By the end of the invasion, the vast majority of Belgian territory (2,598 out of 2,636 communes) were under German occupation. From November 1914, occupied Belgium, together with the occupied French border areas of Givet and Fumay, was divided by the Germans into three zones. The first, the Operationsgebied (Operational Zone), covered a small amount of territory near the front line in the far west of Belgium. Near this zone was the Etappengebied (Staging Zone), covering most of East and West Flanders along with parts of Hainaut and Luxembourg. The remainder of the country, was the largest of the zones, the Kaiserliches Deutsches Generalgouvernement Belgien (Imperial German General Government of Belgium), which covered the majority of the country and the French territories. Unlike the Operational and Staging Zones, the General Government was intended to be a total administration and so was markedly less repressive that the other two zones whose governance was based on military concerns alone. Civilians in the Operational and Staging Zones were officially classed as “prisoners” by the German military.

The General Government was placed under the command of a German general who was accountable to the Army. After a brief tenure by Colmar von der Goltz in 1914, command was held by Moritz von Bissing and later, from April 1917, by Ludwig von Falkenhausen. The German authorities aimed to use the occupation to benefit the German economy and industrial production but hoped to keep the Belgian state and economy functioning if it did not impede their main objectives.

Administratively, the German administration had a Zivilverwaltung (Civil Administration) tasked with dealing with day-to-day matters and a network of local Kommandanturen in towns and cities across Belgium. It could also call on up to 80,000 soldiers. In most cases, however, the administration was content to use the existing Belgian civil service and local government for much of its administration.

At the start of the war, the Belgian government hurriedly removed silver coins from circulation and replace them with banknotes. With the German occupation, these banknotes remained legal and their production continued. To offset the costs of occupation, the German administration demanded regular “war contributions” of 35 million Belgian francs each month. The contribution considerably exceeded Belgium’s pre-war tax income and so, in order to pay it, Belgian banks used new paper money to buy bonds. The excessive printing of money, coupled with large amounts of German money brought into the country by soldiers, led to considerable inflation. The Germans also artificially fixed the exchange rate between the German mark and the Belgian franc to benefit their own economy at a ratio of 1:1.25. To cope with the economic conditions, large numbers of individual communes and regions began to print and issue their own money, known as Necessity Money (monnaie de nécessité), which could be used locally.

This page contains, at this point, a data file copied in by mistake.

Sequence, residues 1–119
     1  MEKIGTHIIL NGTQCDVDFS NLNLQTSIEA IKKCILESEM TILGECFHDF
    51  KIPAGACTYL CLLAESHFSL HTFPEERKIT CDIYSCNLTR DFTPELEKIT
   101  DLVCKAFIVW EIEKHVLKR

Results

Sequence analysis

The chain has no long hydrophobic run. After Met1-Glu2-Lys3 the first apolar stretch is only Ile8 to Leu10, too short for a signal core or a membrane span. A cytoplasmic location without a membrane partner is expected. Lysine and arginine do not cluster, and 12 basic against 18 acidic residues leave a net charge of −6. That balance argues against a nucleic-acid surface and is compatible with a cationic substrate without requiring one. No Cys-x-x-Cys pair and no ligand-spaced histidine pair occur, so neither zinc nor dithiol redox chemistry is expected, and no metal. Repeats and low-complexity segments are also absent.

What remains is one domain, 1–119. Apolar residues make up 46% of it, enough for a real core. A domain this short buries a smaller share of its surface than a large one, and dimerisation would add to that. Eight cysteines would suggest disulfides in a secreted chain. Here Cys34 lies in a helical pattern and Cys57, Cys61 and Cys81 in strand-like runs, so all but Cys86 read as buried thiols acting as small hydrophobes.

The first postage stamps issued by the Germans during their occupation of Belgium were overprinted German stamps of 1906-1911 released on October 1, 1914. These stamps were intended for the “Landespost” or “National Post Offices” within the General Government and spelled out the full denominations of Centimes and Franc. They were used through 1918. A second group of overprints were issued in May 1916 and used through 1918. Sixteen surcharge denominations on German stamps had the pfennig denominations abbreviated as Cent. and the mark high denominations were abbreviated F. All of these stamps were used concurrently with the stamps of the German Western Military Command from 1916. The Belgian Government moved to Le Havre, France, on October 13, 1914 and continued to print stamps for use in unoccupied Belgium.

By 1918, civilian morale in occupied Belgium reached an all-time low. The early successes of the Ludendorff Offensive in the spring of 1918 were believed to have made liberation virtually impossible in the foreseeable future. However, during the Hundred Days Offensive, the Allied and Belgian armies launched a series of successful offensives on the Western Front. The Belgian army, restricted to the Yser salient since 1914, advanced as far as Bruges. German forces on the front in Belgium launched a wide retreat. On November 11, 1918, the German army signed an armistice. The ceasefire did not, however, lead to the immediate liberation of Belgium and sporadic fighting continued. The Belgian army gradually advanced into the country, behind the evacuating German occupying force.

Following a mutiny in Kiel at the end of October, a wave of revolutions broke out among the German army. In occupied Belgium, soldiers of the Brussels garrison mutinied against their officers on 10 November 1918. The revolutionaries formed a Soldiers’ Council (Soldatenrat) and flew the red flag over the Brussels Kommandantur while many officers, including the Governor-General, left the city for Germany. Fighting in the streets soon broke out between German loyalists and revolutionaries. With the German police no longer keeping order, anarchy broke out in the city which was only restored when Belgian troops arrived. The remaining German forces in Belgium began moving eastwards towards the German border, gradually evacuating more territory. The final German troops left the country on November 23, 1918. On November 22nd, Albert I entered Brussels with the Belgian army of the Yser in a Joyous Entry. The King was widely acclaimed by the civilian population. In total, 40,000 Belgian soldiers and civilians were killed and 77,500 wounded during World War I.

The Scott catalogue includes the German occupation issues within the listings of the country of Belgium, following almost 500 “Q” prefixed numbers (parcel post and railway stamps, or chemin de fer). Scott #N6 is surcharged 75 centimes on a 60 pfennig magenta stamp portraying Germania (Germany Scott #89) which was printed by typography and perforated 14. The watermark is a design of lozenges. The Germania stamps were issued by the German Empire and the Weimar Republic between 1900 and 1922, representing the longest-running series in German philatelic history. The image of Germania, rather than that of the ruling monarch as was customary in many other European monarchies, made it a unifying feature and did not complicate the relationship with other German royalty and the coexisting German postal authorities of Bavaria and Württemberg. The engraving was performed by Paul Eduard Waldraff (1870–1917) who used the actress Anna Führing as model. Wearing the octagonal Imperial Crown of the Holy Roman Empire and armor, she is wielding the “Reichsschwert” (Imperial sword) and holding an olive branch. The Jugendstil design depicting Führing was personally chosen by the emperor Wilhelm II.